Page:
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Thread: Does the Fretboard extension effect the tone significantly

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    Default Does the Fretboard extension effect the tone significantly

    My mandolin was an International Violin Kit. When I talked to Ken at IV before I bought the kit, he mentioned that they had sent off Siminoff's book to the Chinese factory as a pattern for building the final kit. The funny thing in retrospect, is that the attachment of the neck/fingerboard is not the one in the Siminoff book. There is NO separate fretboard extension, The neck extends over the top and is glued to it in an F4 fashion and NOT in an F5 Loyd Loar kind of way. This brings up an interesting question for me. There is an obvious difference in tone with the oval versus F hole configuration between the F4 and F5 but what difference in tone does the separate fingerboard extension make? I understand the the original spec from Loar was for an ebony extension but how does this effect the tone of the instrument especially considering that it seems to me that it would have been much cheaper/easier for Gibson to have manufactured the F5 with the same neck body connection over the top as the F4? Loar must have come up with that configuration for a reason?

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    Resonate globally Pete Jenner's Avatar
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    Default Re: Does the Fretboard extension effect the tone significantly

    I assume when you say tone you mean timbre.
    None. IMO of course.
    The more I learn, the less I know.

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    Registered User Steve Sorensen's Avatar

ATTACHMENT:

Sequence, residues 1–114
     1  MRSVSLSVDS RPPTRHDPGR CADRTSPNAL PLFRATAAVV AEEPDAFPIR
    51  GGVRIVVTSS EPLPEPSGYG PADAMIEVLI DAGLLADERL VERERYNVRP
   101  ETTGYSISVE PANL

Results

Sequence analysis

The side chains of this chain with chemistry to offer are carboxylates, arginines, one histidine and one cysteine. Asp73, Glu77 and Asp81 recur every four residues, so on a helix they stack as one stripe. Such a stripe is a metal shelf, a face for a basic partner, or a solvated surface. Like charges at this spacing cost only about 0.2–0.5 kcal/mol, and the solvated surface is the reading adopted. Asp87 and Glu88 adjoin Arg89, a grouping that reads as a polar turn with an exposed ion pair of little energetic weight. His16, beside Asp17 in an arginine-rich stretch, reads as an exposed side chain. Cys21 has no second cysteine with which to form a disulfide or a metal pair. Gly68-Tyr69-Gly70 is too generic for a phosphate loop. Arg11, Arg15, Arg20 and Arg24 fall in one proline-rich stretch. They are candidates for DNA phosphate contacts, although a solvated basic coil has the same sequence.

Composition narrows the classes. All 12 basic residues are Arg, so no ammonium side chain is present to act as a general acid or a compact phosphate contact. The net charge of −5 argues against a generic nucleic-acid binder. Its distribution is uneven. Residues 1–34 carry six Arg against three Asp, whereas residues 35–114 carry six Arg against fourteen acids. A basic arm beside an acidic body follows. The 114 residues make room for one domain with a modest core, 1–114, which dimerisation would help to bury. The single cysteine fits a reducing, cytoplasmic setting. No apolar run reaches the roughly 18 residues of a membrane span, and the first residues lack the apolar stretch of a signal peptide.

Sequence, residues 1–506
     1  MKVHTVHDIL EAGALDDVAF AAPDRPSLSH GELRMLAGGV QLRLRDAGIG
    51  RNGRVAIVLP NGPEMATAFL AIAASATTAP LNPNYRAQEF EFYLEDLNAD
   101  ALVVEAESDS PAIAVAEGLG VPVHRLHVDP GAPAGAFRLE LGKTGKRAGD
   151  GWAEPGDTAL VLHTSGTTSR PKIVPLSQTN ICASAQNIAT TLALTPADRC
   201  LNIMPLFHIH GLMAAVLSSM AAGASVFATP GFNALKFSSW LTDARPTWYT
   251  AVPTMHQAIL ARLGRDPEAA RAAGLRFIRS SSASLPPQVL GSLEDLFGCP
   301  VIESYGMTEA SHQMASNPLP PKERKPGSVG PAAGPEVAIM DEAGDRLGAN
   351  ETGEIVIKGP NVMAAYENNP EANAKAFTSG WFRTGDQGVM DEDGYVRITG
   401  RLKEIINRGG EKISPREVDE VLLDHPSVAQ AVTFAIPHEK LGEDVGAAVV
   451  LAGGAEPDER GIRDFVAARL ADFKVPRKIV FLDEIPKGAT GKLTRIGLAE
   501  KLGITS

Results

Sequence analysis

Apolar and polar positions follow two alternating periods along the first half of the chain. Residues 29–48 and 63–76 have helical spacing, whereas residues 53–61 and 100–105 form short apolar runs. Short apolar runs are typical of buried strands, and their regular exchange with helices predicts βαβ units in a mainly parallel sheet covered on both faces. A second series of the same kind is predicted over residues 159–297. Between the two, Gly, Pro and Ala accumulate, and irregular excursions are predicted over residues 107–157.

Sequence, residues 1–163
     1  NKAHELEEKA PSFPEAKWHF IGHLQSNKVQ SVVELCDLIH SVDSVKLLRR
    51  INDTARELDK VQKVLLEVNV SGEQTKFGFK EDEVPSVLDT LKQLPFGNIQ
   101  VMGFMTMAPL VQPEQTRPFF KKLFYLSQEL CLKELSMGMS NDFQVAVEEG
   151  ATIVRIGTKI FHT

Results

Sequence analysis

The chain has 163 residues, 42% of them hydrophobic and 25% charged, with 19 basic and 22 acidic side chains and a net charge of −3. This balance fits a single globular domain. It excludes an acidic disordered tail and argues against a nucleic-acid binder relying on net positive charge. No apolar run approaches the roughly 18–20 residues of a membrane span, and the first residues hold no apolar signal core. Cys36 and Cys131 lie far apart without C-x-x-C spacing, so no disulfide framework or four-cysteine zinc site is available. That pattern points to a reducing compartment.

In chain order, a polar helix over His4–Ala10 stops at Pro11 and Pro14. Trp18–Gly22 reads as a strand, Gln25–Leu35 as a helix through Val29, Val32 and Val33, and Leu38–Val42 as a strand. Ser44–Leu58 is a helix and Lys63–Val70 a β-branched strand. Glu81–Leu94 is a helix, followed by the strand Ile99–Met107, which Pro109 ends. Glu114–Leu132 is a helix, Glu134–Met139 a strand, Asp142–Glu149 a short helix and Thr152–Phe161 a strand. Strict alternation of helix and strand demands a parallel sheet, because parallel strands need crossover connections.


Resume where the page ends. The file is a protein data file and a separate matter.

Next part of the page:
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    Default Re: Does the Fretboard extension effect the tone significantly

    On "parallel-braced", Loar-like F and A style instruments, the graduations and subsequent movement of the top and tonebars in the area approaching and underneath the fingerboard extender support block are critical for the final tone and responsiveness of the of the instrument.

    Try picking the A string on a well-made mandolin and then pressing your finger lightly against the top in several places in the upper bout around the extender area. You will hear the tone shift and certain frequencies become dampened or killed.

    Steve

  4. #4

    Default Re: Does the Fretboard extension effect the tone significantly

    I can understand that if pressure is placed on the top, it would change the acoustic dynamics but is there a difference between a fretboard extended over the top by an extension of the neck (F4) as opposed to a separate piece of hardwood (in loars case Ebony) the is added on (F5)?

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    Registered User jim simpson's Avatar
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    Default Re: Does the Fretboard extension effect the tone significantly

    There was a period in the early production of Flatiron (Festival model?) mandolins where the soundboard carve integrated with the fingerboard extension. I have found these to be much quieter than the models with the tradional/usual extension.
    Cabin Fever String Band, Bill Gorby and the Musical Mercenaries

  6. #6

    Default Re: Does the Fretboard extension effect the tone significantly

    Stuart's characterization of the IV kit being like an F-4 is not accurate. An F-4 had the fretboard resting directly on a thickened area of the top. The IV kit has an extension, it is just part of the neck instead of a separate piece. Being part of the maple neck it is a hard wood.
    Bill Snyder

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    Default Re: Does the Fretboard extension effect the tone significantly

    Quote Originally Posted by jim simpson View Post
    There was a period in the early production of Flatiron (Festival model?) mandolins where the soundboard carve integrated with the fingerboard extension. I have found these to be much quieter than the models with the tradional/usual extension.
    I have a 96 Flatiron with the integrated top and a 96 flatiron with the usual. The integrated is a much better box. Everything is a variable. They all sound different no way to predict.
    Jean

    Pair of 96 Flatiron Fs

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    Registered User f5loar's Avatar
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    Default Re: Does the Fretboard extension effect the tone significantly